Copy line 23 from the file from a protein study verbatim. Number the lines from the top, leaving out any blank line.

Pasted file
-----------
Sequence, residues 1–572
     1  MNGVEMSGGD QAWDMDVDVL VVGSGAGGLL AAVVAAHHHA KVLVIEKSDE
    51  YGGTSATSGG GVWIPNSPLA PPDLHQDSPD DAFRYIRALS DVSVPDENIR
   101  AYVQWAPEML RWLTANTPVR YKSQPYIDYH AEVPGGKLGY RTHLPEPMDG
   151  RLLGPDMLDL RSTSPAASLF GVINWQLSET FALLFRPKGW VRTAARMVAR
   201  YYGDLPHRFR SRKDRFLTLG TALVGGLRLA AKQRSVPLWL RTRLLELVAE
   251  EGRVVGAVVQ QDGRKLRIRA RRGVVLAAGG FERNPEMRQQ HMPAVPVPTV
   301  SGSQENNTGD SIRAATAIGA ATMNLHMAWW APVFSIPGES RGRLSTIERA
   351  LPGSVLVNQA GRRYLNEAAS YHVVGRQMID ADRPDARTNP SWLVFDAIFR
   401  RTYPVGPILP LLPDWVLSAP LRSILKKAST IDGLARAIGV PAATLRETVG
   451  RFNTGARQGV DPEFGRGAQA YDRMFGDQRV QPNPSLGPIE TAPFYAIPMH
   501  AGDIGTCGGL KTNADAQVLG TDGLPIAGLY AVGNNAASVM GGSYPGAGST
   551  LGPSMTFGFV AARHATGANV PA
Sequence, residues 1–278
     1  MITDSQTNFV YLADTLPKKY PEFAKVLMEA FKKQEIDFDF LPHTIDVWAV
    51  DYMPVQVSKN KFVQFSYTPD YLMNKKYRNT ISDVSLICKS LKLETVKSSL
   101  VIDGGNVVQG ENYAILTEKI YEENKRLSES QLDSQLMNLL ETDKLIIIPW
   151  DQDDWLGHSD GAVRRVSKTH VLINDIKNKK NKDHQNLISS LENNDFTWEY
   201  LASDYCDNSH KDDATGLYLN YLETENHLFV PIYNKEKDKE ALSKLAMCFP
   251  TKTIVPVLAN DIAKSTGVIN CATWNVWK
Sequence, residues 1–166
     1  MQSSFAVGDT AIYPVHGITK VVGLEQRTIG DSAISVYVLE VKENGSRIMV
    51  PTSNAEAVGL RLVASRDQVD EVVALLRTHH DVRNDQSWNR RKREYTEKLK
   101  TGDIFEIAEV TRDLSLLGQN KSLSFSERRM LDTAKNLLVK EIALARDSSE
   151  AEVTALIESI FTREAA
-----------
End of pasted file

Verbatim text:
    51  PTSNAEAVGL RLVASRDQVD EVVALLRTHH DVRNDQSWNR RKREYTEKLK